13.4 Occupation regression.

a. OLS Estimation

LS // Dependent Variable is OCC

Sample: 1 595

Included observations: 595

 Variable Coefficient Std. Error t-Statistic Prob. C 2.111943 0.182340 11.58245 0.0000 ED -0.111499 0.006108 -18.25569 0.0000 WKS -0.001510 0.003044 -0.496158 0.6200 EX -0.002870 0.001533 -1.872517 0.0616 SOUTH -0.068631 0.035332 -1.942452 0.0526 SMSA -0.079735 0.034096 -2.338528 0.0197 IND 0.091688 0.033693 2.721240 0.0067 MS 0.006271 0.056801 0.110402 0.9121 FEM -0.064045 0.070543 -0.907893 0.3643 BLK 0.068514 0.063283 1.082647 0.2794 R-squared 0.434196 Mean dependent var 0.512605 Adjusted R-squared 0.425491 S. D. dependent var 0.500262 S. E. of regression 0.379180 Akaike info criterion -1.922824 Sum squared resid 84.10987 Schwarz criterion -1.849067 Log likelihood -262.2283 F-statistic 49.88075 Durbin-Watson stat 1.876105 Prob(F-statistic) 0.000000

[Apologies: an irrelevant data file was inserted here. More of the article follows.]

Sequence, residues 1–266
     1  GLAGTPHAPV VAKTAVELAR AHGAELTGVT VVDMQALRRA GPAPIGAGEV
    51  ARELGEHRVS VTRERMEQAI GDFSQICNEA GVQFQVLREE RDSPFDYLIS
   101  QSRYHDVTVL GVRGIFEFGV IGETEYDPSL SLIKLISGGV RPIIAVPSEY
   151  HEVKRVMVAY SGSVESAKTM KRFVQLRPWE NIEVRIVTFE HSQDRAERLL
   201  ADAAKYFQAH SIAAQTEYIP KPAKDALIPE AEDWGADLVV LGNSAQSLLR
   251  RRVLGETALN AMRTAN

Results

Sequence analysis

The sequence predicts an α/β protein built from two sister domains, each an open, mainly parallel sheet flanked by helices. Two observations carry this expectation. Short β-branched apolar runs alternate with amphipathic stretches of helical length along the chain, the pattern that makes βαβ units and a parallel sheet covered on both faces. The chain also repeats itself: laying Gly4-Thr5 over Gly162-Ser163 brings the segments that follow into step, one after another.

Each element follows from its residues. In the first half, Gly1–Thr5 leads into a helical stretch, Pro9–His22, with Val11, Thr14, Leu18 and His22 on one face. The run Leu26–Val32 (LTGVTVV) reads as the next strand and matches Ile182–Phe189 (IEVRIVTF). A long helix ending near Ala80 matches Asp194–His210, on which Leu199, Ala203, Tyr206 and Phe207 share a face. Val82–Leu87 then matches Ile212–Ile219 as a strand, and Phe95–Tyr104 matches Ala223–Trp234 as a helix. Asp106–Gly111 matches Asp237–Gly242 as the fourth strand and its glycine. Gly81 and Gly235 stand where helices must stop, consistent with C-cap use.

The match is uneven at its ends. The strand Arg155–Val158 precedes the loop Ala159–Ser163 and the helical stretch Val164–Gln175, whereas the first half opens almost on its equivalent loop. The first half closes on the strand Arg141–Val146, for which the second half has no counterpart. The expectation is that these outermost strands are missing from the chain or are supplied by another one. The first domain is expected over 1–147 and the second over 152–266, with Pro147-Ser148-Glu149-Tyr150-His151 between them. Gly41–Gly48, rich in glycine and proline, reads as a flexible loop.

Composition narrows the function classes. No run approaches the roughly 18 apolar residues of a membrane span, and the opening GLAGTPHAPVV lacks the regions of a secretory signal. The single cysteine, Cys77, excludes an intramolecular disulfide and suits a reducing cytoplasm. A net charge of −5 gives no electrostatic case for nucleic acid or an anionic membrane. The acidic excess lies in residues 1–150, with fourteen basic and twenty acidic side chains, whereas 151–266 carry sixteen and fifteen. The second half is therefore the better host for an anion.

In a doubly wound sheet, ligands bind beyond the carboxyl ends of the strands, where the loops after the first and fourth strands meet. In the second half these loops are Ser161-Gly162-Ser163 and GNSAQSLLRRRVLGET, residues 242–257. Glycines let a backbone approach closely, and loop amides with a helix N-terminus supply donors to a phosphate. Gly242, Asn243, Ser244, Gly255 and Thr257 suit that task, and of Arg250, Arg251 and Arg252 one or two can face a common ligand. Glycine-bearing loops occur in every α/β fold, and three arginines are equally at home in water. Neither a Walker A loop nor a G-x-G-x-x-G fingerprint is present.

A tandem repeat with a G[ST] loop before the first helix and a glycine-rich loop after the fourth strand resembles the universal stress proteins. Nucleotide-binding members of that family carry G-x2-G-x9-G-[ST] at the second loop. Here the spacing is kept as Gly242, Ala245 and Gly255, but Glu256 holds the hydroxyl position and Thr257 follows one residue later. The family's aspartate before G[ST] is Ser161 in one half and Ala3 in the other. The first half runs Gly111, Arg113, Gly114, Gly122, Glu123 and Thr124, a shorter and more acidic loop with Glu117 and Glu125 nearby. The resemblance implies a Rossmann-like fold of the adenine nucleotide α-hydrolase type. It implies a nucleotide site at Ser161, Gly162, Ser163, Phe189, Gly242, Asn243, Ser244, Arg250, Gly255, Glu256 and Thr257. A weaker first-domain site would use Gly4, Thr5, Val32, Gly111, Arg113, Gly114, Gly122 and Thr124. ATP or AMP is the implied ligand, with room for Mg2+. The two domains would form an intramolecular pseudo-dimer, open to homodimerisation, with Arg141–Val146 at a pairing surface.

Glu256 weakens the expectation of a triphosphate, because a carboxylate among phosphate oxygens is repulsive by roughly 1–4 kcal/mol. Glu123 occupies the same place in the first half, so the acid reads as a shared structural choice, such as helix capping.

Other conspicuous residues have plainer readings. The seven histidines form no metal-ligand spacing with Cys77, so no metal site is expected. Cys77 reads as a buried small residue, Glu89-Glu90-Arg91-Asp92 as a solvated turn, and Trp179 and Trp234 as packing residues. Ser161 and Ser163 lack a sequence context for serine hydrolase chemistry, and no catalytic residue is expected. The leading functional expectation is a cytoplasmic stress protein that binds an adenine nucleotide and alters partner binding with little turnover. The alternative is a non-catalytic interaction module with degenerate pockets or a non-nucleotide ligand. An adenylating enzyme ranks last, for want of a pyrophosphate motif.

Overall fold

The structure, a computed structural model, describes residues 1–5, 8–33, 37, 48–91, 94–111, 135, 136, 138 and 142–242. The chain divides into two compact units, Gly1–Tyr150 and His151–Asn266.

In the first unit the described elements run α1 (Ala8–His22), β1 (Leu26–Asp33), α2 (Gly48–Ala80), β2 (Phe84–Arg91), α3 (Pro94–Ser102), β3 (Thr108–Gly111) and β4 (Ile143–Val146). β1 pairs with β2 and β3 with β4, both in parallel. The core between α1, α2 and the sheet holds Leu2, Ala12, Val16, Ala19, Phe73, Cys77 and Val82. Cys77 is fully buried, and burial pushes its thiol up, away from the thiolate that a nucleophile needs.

LOGIT ESTIMATION

LOGIT // Dependent Variable is OCC

Sample: 1 595

Included observations: 595

Convergence achieved after 5 iterations

 Variable Coefficient Std. Error t-Statistic Prob. C 11.62962 1.581601 7.353069 0.0000 ED -0.806320 0.070068 -11.50773 0.0000 WKS -0.008424 0.023511 -0.358297 0.7203 EX -0.017610 0.011161 -1.577893 0.1151 SOUTH -0.349960 0.260761 -1.342073 0.1801 SMSA -0.601945 0.247206 -2.434995 0.0152 IND 0.689620 0.241028 2.861157 0.0044

PROBIT ESTIMATION

PROBIT // Dependent Variable is OCC

Sample: 1 595

Included observations: 595

Convergence achieved after 4 iterations

 Variable Coefficient Std. Error t-Statistic Prob. C 6.416131 0.847427 7.571312 0.0000 ED -0.446740 0.034458 -12.96473 0.0000 WKS -0.003574 0.013258 -0.269581 0.7876 EX -0.010891 0.006336 -1.718878 0.0862 SOUTH -0.240756 0.147920 -1.627608 0.1041 SMSA -0.327948 0.139849 -2.345016 0.0194 IND 0.371434 0.135825 2.734658 0.0064 MS -0.097665 0.245069 -0.398522 0.6904 FEM -0.358948 0.296971 -1.208697 0.2273 BLK 0.215257 0.252219 0.853453 0.3938